In Northwest Tanzania, near the Burundi border is the community of Biharu.  This community of over 12,000 people is currently living off of a water system meant to serve 3,000 people.  Having been in place for several generations, the water system in place lacks basic treatment processes, maintenance, upgrades, and the volume necessary to meet today’s and future consumption needs.  With a population that has quadrupled, we aim to help provide much-needed updates, repairs, and improvements to this community in need.  That is why we’ve decided to adopt this project to assist the Biharu community.

Our first assessment trip, initially planned for June 2020, has been postponed due to COVID-19. Until we can travel, we are planning to hire a local contractor to do remote assessment work for us. You can support the project and Biharu by donating here: EWB-GA Donation Link

Biharu Community Members at a water tap
Junction Box combining water sources

Project Team

Lizzie Wilson, Director of Projects and Tanzania Team Lead

Lizzie first joined Engineers Without Borders (EWB) as a student at Southern Methodist University (SMU). She participated in their Rwanda Project as Cultural Lead and in their Bolivia Project as a traveling member for their implementation project. While in the community in Bolivia, she collected soil and water samples for her research project on the soil and groundwater interactions. Upon completing her master’s degree at SMU, Lizzie moved to Austin and joined the Greater Austin chapter of EWB, becoming the Director of Projects and the Project Lead for Tanzania. Lizzie has a passion for using her engineering skills to empower the people around her and abroad. 

Feel free to contact Lizzie at projects@ewbgreateraustin.org

Brian Landry

Brian is a civil engineer who first became involved with EWB as a student at the University of Texas. The combined student and professional chapter was working on a clean water project in Panama, implementing bio-filtration sand filters, a spring box, and several kilometers of pipeline benefitting hundreds of people in the remote community. Working on the project for several years in college, eventually as project lead, he helped guide the Panama project through its closeout. Brian has now had the opportunity to rejoin the EWB-Greater Austin chapter as a professional and collaborate with the Biharu community on a water rehabilitation project to benefit the wonderful people of this growing community.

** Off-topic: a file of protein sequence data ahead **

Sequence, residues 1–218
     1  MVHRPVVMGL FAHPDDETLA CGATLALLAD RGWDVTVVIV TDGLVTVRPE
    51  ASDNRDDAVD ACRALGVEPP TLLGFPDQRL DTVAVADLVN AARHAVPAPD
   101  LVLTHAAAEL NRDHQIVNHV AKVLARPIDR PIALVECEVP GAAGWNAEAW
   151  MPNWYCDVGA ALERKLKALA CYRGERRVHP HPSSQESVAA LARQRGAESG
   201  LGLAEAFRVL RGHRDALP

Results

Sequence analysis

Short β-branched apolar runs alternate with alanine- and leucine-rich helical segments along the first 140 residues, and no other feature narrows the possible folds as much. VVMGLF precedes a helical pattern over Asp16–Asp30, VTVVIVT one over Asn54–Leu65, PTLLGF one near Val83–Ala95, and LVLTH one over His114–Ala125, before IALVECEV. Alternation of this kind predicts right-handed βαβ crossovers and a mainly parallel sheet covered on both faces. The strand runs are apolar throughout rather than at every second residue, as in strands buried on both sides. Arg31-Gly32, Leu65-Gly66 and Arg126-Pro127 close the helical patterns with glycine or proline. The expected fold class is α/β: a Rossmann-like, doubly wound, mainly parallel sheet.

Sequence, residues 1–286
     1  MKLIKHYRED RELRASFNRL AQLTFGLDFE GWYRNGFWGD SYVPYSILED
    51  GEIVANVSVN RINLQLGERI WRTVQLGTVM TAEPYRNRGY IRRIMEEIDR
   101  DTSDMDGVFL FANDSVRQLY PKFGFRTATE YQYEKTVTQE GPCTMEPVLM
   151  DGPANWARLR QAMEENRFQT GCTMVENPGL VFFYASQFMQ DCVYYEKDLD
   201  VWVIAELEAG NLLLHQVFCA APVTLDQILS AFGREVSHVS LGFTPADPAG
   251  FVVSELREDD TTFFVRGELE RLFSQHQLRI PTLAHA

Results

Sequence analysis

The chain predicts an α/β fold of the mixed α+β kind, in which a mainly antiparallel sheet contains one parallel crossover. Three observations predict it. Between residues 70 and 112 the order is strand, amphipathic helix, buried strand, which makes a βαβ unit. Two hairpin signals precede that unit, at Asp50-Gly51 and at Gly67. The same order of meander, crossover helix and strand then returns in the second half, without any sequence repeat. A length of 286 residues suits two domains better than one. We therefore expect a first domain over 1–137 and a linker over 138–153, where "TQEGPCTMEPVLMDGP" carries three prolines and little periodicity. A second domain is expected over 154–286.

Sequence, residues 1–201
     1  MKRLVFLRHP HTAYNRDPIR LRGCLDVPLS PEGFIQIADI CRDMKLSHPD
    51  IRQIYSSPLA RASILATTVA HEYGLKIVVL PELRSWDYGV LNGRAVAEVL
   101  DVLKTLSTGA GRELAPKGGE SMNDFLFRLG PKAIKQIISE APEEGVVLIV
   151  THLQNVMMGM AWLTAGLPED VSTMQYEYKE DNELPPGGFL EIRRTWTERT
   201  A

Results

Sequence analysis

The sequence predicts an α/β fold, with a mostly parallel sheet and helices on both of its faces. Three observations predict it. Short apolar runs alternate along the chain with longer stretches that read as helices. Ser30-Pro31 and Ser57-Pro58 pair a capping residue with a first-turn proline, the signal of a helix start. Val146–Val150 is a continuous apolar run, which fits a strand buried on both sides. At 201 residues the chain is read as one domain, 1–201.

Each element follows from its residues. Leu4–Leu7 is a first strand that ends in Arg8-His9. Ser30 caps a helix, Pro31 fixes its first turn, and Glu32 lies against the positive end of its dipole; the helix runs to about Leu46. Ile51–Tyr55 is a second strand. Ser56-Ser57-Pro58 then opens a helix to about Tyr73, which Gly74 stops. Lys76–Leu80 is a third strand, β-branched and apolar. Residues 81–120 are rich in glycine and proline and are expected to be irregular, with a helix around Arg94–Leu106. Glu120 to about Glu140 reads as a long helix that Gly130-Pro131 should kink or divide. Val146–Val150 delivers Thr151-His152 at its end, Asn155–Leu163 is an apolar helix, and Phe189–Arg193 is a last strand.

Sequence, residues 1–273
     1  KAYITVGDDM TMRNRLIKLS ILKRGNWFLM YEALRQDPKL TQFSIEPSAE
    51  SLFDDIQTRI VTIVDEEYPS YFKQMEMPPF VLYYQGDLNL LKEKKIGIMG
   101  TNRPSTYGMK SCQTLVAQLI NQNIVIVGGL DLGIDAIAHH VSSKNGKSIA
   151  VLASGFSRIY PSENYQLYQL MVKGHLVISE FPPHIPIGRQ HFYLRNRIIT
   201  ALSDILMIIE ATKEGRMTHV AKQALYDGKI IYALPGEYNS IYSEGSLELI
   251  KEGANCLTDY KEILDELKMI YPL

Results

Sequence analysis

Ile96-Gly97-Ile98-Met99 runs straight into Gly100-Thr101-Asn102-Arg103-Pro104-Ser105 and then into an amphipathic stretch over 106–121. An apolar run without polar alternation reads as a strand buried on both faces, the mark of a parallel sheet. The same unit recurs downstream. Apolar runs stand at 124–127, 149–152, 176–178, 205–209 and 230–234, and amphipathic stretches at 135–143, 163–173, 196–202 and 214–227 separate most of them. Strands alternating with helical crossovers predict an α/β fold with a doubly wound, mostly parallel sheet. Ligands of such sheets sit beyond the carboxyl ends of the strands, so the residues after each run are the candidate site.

Abby Klein, Tanzania Team Member

Abby joined EWB because she believes nobody should have to live without basic human needs. The Biharu community in Tanzania lacks access to safe and reliable water. Providing the Biharu community with the system to access this basic necessity could change their lives and improve the lives of future generations. Abby holds a degree in civil engineering from Texas A&M University. Her experience includes environmental compliance and writing permits to protect the environment. Abby hopes she can use her knowledge and experiences to design and implement a water system for this community in need.

Koko Uko, Tanzania Team Member

Koko joined the Austin Chapter of  Engineers Without Borders and the Tanzania Water Rehabilitation project so that she could volunteer her design experience to this growing community of people with an innate right to accessible water. As a Nigerian national who lived in Lagos, Nigeria for eight years, Koko has first hand experience with the struggles of water access inequality. This experience has resulted in a dedication to contribute her learned technical skills to the improvement of water and sanitation infrastructure in the global south. Following her degree in civil engineering at Syracuse University, Koko moved to Texas to gain experience designing and managing design of utility infrastructure for multifamily, single family, and commercial industry use.

Marcus Snell, Tanzania Team Traveler

Water doesn’t have a right answer. There’s either too many people, too limited access, too little means, and no single solution. I came to EWB to work a problem that I cannot solve; I came to bring water to people. To do this I studied our interdependence with water infrastructure as an R&D engineer with the US Army Corps; I worked to design water distribution systems for rural communities as an engineering consultant; and I developed resilient water guidance as a public servant. By myself I cannot bring water to people, I cannot solve our water problem. But with our EWB team of engineers, this community in need, and your help we can work the problem together.